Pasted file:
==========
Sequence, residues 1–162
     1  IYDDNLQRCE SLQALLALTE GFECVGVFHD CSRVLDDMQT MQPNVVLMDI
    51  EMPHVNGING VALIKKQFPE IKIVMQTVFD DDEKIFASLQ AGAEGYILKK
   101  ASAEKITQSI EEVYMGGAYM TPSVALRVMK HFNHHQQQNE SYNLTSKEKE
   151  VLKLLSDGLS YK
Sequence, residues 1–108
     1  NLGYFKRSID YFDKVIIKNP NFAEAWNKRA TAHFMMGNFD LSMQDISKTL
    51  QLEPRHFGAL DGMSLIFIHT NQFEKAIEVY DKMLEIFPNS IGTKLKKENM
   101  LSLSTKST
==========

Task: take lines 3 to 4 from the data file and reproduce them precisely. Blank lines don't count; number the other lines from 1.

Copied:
    51  EMPHVNGING VALIKKQFPE IKIVMQTVFD DDEKIFASLQ AGAEGYILKK
   101  ASAEKITQSI EEVYMGGAYM TPSVALRVMK HFNHHQQQNE SYNLTSKEKE